In March 2014, after finishing up my music documentary about Swedish drummer Morgan Ågren, I decided to start a new project about my most listened to album of all-time: Steve Vai’s Sex & Religion.
It seemed like perfect timing to me. It was the 20th anniversary of the record’s release. It was the album that brought the world Devin Townsend, who I consider to be the greatest rock vocalist, ever. It was a totally unlikely record, with a heavy story behind it — a classic rock n’ roll fairy tale gone wrong. I felt like if there was a story out there for me to tell, Sex & Religion was it.
I spent some time researching and gathering as many materials and information as I could. I bought a ton of memorabilia from eBay. Press kits, posters. I downloaded every bit of video and even audio from that I could find from the tour, media interviews, magazine interviews from Japan. I started tracking down people who worked on the record, in any capacity. I put it all into a very large document and was ready to make it happen.
Conveniently, Devin was coming to Los Angeles to record Z2. I fired off an email, asking if he’d participate. He humbly agreed to help me.
(Technical side note: I decided to shoot the whole thing in 4K UHD with a RED Scarlett. I rented it and some Zeiss CP2 lenses a few days before the shoot and tested them. The Scarlett, which I think was not well-maintained, gave me a lot of problems, but that’s another story.)
Anyway, I showed up at the studio in Hollywood with, literally, a hundred questions for Devin. It took 2.5 hours to get through them. I asked him everything I could think of: his memories of anyone involved, locations, song lyrics, the recording process, the tour.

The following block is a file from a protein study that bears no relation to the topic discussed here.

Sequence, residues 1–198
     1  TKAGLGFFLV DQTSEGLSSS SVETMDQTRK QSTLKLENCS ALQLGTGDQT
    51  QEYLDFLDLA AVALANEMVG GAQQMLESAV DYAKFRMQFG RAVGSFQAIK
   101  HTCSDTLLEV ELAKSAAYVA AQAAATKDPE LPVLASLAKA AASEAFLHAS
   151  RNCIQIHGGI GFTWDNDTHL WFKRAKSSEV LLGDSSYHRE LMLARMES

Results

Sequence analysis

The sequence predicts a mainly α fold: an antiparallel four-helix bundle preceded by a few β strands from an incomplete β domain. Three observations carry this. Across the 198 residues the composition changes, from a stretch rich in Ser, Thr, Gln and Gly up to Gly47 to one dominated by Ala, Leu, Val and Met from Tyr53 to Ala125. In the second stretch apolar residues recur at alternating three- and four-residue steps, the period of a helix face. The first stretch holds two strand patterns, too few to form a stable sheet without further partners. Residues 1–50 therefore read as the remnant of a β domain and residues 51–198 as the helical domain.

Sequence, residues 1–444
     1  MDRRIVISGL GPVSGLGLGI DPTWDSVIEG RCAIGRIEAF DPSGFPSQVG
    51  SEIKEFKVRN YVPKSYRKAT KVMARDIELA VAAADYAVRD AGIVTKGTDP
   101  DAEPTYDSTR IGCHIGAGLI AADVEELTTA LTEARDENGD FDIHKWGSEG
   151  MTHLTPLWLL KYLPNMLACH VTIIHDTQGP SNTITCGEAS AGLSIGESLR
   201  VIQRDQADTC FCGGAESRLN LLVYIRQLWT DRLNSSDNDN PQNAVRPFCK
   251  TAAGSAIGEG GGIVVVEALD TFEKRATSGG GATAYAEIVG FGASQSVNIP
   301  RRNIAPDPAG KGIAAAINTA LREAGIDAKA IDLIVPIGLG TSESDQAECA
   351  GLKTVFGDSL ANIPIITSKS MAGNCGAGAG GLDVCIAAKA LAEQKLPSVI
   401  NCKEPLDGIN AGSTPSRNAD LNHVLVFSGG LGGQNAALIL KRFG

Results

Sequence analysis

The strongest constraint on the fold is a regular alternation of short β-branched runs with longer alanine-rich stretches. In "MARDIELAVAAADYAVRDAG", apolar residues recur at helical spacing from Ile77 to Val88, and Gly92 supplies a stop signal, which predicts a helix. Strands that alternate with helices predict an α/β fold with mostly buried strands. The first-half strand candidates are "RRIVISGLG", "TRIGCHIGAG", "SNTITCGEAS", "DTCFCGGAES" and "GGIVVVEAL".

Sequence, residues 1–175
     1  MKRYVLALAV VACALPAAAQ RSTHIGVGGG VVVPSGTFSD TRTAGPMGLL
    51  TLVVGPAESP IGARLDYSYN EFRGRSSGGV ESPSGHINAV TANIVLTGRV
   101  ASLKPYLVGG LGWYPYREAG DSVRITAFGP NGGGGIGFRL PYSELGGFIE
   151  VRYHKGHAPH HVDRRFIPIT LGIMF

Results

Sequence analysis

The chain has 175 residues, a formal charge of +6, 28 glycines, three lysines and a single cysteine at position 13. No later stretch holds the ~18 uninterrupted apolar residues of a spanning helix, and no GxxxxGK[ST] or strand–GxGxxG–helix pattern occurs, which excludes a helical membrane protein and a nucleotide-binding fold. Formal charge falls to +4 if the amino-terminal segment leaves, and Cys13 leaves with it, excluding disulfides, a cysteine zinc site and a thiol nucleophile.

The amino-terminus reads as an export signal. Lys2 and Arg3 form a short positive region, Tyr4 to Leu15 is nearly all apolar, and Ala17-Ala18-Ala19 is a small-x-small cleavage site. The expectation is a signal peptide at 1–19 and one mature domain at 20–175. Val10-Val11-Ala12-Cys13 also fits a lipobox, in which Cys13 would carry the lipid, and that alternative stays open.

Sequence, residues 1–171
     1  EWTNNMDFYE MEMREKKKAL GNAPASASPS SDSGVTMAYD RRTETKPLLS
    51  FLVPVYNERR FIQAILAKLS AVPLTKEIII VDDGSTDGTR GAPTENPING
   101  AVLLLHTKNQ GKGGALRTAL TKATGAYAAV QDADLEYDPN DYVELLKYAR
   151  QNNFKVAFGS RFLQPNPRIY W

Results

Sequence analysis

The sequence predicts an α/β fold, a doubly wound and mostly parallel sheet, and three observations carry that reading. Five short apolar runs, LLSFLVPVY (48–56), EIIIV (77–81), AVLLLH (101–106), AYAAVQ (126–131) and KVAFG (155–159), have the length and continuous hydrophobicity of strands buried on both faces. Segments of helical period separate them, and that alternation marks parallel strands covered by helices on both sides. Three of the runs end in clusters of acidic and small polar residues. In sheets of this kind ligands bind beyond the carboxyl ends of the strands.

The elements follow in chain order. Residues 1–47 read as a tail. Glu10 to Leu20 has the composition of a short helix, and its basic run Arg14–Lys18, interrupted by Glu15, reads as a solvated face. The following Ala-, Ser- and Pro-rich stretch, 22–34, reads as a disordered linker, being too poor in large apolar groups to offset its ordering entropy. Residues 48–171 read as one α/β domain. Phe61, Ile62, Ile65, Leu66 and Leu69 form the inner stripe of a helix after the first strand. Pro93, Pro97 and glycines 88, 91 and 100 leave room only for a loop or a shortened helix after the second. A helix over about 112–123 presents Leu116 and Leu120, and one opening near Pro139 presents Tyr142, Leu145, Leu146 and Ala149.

Devin made a few things very clear:
1.) He did not want to speak for Steve, or anyone else.
2.) It was a long time ago and he’s barely listened to the record since then.
3.) He was very thankful to have Steve as a friend.
I took the footage back to my studio and edited it into a 20-minute short “presentation.” I was so proud of it. I managed to make something I considered very fun and artistic, and I felt it relieved some of the tension of the story.
I sent it to Steve, excited to hear his reaction. I had gone into this promising that I would not continue work on or release the documentary without the permission of everyone involved. At this point in my life, I can understand that the people and their lives are more important than a movie that could be made about them.
Over the time period of almost a year, Steve and I exchanged e-mails about it. I really tried my best — but in the end, Steve decided that if there was someday going to be a Sex & Religion documentary, he’d probably want to produce it himself, but that he had no plans to do that. He was very nice about it, and kept the door open to future projects.
It was kind of a bummer for me, but it felt like a good answer.
So: I feel it’s at least fair for me to share a few screenshots and tell the story of my little project that never got released. I experienced a lot of excitement working on it… and who knows, maybe in a hundred years someone will dig up my project files and release it.